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THU0261 Pregnancy course and outcome in sle patients compared to patients with other connective tissue and inflammatory rheumatic diseases - data from a prospective cohort study
  1. A Strangfeld1,
  2. C Bungartz1,
  3. A Weiß1,
  4. M Schneider2,
  5. J Richter2,
  6. A Zink1,3,
  7. R Fischer-Betz2
  1. 1German Rheumatism Research Centre, Berlin
  2. 2Department of Rheumatology & Hiller Research Unit, University Hospital, Düsseldorf
  3. 3Charité University Medicine, Berlin, Germany

Abstract

Background Patients with systemic lupus erythematosus (SLE) are at increased risk for pregnancy complications and adverse pregnancy outcomes. During the past decades, advances in drug treatment and management during pregnancy made successful pregnancy in patients with SLE possible. Less is known about pregnancy course in other connective tissue diseases (OCTD).

Objectives To compare pregnancy courses and outcomes in SLE patients with those in OCTD patients and patients with other inflammatory rheumatic diseases.

Methods The German Rhekiss register is designed as nationwide, web-based longitudinal observational cohort study. Pregnant patients with confirmed diagnose of inflammatory rheumatic disease are eligible to be enrolled until the 20th week of pregnancy regardless of drug treatment. At baseline, sociodemographic parameters, prior pregnancies, comorbidities and antibody status are reported. During pregnancy, rheumatologists and patients report drug treatments, course of the maternal disease, development of fetus and complications once per trimester. After delivery, the pregnancy outcome and child development during the first two years of life are collected.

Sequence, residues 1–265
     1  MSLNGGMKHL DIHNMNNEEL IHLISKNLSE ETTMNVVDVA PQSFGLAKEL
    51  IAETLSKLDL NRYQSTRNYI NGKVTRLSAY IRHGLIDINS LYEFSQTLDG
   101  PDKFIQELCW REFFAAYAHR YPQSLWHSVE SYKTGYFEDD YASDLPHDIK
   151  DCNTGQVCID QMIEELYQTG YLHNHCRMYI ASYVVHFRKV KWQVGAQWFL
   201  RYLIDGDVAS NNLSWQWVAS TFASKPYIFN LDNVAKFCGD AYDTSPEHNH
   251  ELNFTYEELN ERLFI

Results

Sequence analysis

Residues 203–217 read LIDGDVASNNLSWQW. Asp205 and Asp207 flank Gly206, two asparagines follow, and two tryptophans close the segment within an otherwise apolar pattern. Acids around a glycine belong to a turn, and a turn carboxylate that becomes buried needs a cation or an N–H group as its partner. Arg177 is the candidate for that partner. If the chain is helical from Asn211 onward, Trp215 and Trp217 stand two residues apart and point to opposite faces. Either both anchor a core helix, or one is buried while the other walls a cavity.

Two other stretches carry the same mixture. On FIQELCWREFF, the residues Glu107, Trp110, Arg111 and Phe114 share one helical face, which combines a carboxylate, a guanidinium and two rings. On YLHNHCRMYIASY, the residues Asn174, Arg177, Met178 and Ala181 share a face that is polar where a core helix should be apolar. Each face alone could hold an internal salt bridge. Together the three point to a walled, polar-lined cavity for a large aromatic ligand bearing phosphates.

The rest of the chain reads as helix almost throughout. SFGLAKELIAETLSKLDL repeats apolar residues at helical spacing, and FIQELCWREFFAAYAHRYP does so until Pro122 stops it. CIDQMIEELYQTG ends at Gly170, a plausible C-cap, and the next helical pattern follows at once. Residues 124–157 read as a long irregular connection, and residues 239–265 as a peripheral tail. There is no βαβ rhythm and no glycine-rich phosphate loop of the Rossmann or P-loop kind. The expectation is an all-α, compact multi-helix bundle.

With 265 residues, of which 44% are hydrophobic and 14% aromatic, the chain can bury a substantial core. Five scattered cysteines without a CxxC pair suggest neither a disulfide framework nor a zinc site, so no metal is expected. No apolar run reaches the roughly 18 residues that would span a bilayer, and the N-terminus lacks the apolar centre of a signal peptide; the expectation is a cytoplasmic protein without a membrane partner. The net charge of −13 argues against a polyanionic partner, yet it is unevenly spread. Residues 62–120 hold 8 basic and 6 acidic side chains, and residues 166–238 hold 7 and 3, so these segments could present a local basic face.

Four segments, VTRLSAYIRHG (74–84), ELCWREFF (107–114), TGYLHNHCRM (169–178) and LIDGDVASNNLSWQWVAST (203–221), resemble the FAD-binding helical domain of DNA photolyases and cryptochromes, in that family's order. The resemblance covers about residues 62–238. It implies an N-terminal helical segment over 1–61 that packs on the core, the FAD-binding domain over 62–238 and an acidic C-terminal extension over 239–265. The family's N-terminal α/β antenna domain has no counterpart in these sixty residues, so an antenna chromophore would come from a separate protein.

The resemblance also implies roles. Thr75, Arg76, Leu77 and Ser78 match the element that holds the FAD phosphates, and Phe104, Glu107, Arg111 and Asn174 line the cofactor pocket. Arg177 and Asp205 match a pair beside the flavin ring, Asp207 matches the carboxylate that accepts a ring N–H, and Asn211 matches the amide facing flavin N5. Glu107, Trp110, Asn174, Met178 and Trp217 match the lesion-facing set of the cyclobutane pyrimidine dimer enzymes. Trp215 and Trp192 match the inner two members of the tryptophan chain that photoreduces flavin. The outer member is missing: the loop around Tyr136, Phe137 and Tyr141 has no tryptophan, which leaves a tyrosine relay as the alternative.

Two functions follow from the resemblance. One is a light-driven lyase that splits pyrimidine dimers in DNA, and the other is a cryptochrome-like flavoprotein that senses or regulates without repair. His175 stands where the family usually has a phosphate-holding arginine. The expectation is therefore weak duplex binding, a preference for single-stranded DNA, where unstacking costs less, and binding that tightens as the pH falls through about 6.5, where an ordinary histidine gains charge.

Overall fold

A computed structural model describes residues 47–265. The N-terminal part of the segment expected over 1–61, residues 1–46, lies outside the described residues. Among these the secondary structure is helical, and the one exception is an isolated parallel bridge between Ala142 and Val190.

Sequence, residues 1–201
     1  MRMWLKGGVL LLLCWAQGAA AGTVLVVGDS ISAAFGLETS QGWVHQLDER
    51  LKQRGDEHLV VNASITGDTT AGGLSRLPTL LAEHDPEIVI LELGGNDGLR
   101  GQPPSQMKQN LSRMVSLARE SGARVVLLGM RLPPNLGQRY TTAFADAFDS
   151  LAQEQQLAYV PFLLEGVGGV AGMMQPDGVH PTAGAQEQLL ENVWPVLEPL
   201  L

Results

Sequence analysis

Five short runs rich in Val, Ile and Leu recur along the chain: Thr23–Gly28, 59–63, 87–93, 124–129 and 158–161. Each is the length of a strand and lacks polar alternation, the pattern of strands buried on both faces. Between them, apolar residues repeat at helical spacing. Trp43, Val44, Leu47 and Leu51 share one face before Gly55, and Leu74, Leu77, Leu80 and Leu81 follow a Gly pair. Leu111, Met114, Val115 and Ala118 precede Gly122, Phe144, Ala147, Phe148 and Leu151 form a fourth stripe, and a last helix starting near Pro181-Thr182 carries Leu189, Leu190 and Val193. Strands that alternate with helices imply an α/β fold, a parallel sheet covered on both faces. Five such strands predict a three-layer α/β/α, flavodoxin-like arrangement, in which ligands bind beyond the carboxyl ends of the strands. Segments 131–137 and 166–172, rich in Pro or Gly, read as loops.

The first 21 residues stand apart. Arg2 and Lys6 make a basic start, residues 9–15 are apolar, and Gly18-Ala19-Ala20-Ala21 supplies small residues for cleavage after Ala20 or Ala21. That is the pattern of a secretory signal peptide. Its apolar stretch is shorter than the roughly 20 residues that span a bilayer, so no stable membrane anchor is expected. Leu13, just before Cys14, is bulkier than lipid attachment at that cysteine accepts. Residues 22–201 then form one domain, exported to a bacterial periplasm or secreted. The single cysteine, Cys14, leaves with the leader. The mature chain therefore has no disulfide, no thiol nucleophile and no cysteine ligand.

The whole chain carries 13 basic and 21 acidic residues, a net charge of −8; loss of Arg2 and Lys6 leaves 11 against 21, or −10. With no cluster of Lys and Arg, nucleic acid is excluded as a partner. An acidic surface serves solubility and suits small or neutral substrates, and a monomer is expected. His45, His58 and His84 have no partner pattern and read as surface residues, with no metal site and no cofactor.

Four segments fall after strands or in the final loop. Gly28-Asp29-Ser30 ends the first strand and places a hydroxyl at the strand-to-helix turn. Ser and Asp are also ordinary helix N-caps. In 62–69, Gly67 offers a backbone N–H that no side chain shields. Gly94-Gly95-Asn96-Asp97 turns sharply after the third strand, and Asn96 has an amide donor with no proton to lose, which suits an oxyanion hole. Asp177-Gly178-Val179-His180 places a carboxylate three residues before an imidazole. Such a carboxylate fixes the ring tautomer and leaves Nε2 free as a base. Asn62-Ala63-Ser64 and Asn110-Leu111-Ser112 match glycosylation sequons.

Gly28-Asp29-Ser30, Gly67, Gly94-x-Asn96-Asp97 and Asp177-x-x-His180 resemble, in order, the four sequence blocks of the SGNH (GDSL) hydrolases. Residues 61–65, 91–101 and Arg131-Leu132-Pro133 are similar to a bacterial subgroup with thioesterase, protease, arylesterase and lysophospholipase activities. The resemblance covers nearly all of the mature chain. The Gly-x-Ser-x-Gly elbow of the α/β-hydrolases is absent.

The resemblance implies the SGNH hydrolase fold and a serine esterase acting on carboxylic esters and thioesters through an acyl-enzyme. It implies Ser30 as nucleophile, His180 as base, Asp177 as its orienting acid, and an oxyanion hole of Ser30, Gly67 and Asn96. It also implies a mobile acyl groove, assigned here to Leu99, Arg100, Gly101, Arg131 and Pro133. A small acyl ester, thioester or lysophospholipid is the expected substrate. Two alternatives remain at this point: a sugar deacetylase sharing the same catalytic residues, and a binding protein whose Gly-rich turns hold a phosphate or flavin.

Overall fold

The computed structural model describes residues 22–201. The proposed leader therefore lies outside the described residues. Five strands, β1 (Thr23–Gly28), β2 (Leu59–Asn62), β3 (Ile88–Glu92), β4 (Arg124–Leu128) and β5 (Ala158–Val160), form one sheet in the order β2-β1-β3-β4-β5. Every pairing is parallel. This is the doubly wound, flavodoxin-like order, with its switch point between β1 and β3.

Results Until October 2016, data of 392 patients were available and grouped according to their disease in SLE patients, those with other connective tissue disease (OCTD) and patients with all other diagnoses (allO). 121 women had already completed their pregnancy with known outcome. Of them, most patients in the OCTD group were diagnosed with undifferentiated connective tissue disease (9), Sjögren Syndrome (5) and mixed connective tissue disease (5). The allO group included rheumatoid arthritis (28), psoriatic arthritis (10), spondyloarthritis (11), and JIA (8). The proportion of children born at term was lowest in patients with SLE (79%), compared to OCTD (91%) and allO patients (88%). The table shows selected baseline and outcome parameters.

In early pregnancy, more patients with SLE reported low disease activity and a higher proportion was diagnosed by the rheumatologist as having mild disease than in the other diagnoses groups. During pregnancy, flares occurred rarely in SLE and OCTD patients, whereas a substantial proportion of patients in the allO group had multiple flares. However, serious complications during and after pregnancy occurred more often in SLE and OCTD patients, as well as congenital anomalies and complications. Due to the low number of events and completed pregnancies, associations to suspected risk factors couldn't be analyzed yet.

Conclusions Although most patients with SLE or OCTD had a favorable course and outcome of pregnancy, compared to patients with other inflammatory rheumatic diseases substantially more complications and adverse pregnancy outcomes occurred. The association to specific risk factors predicting adverse pregnancy outcomes could not yet be analyzed. At the time of the EULAR congress we expect at least twice as much completed pregnancies.

All patients with SLE and OCTD should be tightly screened during pregnancy with timely and adequate adjustment of drug treatments.

Acknowledgements Rhekiss is a collaborative project of the DRFZ Berlin and the Rheumazentrum Rhein-Ruhr e.V. Düsseldorf, jointly funded by both institutions.

Disclosure of Interest None declared

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